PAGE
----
Next there’s this part about dry leaves and hurricanes here but it sounds too phony so I’m skipping it. You can read it for yourself if you aren’t too goddamn lazy.
“And then in a twinkle I heard on the roof the prancing and pawing of eight tiny reindeer. As I drew in my head and was turning around, down the chimney St. Nicholas came with a bound. He was all dressed in fur from his head to his foot. His clothes were all tarnished with ashes and soot.” See what I mean? Soot all over his fur. Phony! I swear to god! “A bundle of toys he had flung on his back, and he looked like a goddamn peddler opening his sack.” I remember one of the only presents I ever got anyone. It was a record that Phoebe wanted for a long time. Boy, was I stupid. I ended up breaking the record into a million pieces. I gave it to her anyhow, and she appreciated it. She really did. Old Phoebe was one hell of a girl. She really was. I gotta stay on the story, ‘cause it will end faster.
“His eyes how they twinkled, his dimples, how merry. His cheeks were like roses, his nose like a cherry. He had a broad face, and a round little belly, that shook when he laughed like a bowl full of jelly. He was chubby and plump…” Or “fat,” why don’t they just say it? “…a right jolly old elf, and I cracked up when I saw him, in spite of myself. A wink of his eye and a twist of his head, soon gave me to know I had nothing to dread. He didn't say a goddamn word. He really didn't. He just kinda worked without stopping.”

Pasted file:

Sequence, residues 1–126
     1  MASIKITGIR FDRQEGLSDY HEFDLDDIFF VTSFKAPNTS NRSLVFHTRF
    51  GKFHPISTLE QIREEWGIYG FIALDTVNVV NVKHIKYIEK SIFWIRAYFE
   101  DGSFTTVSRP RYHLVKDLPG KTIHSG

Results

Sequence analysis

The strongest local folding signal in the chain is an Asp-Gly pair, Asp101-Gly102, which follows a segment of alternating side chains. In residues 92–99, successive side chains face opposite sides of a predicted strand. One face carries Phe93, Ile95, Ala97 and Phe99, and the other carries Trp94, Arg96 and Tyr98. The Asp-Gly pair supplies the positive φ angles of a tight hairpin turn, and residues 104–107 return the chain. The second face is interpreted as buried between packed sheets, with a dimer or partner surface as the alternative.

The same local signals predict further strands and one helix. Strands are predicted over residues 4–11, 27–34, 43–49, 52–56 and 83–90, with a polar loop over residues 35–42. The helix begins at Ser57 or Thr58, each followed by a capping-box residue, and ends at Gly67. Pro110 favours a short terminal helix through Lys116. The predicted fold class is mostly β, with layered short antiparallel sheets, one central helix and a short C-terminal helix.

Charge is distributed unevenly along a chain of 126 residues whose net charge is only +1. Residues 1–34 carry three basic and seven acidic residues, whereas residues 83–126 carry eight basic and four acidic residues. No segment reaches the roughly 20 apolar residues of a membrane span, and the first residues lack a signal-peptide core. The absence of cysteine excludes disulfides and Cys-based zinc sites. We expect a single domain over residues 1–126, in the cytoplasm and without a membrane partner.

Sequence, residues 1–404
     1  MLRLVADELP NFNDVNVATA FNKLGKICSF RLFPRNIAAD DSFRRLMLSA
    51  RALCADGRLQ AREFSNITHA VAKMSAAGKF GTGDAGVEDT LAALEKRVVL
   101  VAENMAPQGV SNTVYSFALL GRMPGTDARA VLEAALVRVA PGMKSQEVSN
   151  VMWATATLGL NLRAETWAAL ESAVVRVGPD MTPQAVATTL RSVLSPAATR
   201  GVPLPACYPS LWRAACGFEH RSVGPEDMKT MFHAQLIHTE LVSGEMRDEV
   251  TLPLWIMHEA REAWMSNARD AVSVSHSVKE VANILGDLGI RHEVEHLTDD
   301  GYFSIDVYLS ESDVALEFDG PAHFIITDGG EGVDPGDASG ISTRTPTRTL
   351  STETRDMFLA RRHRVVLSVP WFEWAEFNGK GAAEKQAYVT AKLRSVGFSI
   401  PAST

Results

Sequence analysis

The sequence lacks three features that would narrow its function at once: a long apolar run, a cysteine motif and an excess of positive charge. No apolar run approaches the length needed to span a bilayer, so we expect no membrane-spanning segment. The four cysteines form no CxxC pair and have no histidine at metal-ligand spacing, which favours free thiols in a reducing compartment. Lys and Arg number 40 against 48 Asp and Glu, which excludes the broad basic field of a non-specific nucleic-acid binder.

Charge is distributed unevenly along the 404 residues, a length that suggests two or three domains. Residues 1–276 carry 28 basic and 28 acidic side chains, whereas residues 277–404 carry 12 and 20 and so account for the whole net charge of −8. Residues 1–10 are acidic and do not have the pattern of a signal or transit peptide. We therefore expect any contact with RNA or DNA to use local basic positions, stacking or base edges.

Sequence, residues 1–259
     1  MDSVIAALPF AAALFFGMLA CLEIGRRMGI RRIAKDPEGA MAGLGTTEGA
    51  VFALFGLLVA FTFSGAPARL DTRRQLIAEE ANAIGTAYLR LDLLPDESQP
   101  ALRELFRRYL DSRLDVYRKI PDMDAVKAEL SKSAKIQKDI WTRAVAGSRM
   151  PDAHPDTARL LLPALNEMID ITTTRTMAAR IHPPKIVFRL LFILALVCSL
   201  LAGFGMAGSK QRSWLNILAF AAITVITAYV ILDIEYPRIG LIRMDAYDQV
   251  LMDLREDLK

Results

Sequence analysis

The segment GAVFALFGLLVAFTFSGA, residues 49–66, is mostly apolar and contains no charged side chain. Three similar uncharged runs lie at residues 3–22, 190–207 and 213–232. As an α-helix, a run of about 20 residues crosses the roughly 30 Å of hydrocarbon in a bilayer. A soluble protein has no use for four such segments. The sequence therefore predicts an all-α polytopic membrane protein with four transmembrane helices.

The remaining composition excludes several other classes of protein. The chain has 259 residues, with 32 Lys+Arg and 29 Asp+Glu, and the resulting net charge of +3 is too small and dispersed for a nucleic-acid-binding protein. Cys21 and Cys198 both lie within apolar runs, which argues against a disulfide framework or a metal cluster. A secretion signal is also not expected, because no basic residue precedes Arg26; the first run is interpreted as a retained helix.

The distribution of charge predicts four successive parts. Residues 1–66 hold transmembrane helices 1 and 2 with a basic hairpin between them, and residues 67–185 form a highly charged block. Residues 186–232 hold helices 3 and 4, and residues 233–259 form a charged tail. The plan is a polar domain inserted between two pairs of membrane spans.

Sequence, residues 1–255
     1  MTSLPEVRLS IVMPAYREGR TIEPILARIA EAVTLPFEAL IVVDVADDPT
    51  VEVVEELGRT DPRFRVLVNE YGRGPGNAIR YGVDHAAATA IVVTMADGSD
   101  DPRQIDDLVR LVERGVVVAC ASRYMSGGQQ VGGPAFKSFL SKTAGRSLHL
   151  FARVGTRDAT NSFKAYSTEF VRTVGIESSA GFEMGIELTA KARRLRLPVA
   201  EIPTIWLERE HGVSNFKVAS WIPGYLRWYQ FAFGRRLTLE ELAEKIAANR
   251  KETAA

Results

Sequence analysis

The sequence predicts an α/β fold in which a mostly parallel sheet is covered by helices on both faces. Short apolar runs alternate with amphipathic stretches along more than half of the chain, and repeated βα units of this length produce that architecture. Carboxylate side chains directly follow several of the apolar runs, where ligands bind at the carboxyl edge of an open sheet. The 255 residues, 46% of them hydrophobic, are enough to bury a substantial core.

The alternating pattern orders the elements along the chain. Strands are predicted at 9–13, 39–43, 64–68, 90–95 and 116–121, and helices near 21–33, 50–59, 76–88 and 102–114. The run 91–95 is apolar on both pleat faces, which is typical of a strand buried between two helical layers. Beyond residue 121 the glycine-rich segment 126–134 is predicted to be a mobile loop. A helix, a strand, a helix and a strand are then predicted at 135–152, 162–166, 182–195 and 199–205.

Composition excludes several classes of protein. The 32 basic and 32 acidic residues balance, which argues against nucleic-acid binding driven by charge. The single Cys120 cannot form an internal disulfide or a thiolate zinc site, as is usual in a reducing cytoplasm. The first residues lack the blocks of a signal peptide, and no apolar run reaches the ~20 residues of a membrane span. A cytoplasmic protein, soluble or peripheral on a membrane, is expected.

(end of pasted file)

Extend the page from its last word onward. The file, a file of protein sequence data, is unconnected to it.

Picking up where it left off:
Ok, this is the part that really kills me: “And laying his finger on his nose and giving a nod, up the chimney he rose.” He is so phony, he can't fool me. I know why he put his finger on his nose! He wanted to pick it! Maybe he had a big one in there and couldn’t wait for Christmas himself? I guess that is human nature, but in public that is just gross! It really is. Onward, only one more page. Thank god this goddamn book is almost over.
“He sprang to his sleigh, to his team gave a whistle…” And they crashed down on top of Stradlater's dorm. I hate him. He is a secret slob, which is the worst kind. Not exactly the correct ending, but it will do. If you really need it, the ending is “…and they flew out of
sight, like a down from a thistle. But I heard him exclaim as he drove out of sight, I'm tired and I wanna go home.” Ha, ha, just kidding. I really am. He actually said “Merry Christmas to all, and to all, a good night!”
Well, that was fun, but I am still bored as hell. Maybe I'll give old Jane a call? Nah, maybe not, she is probably busy anyhow. She probably is.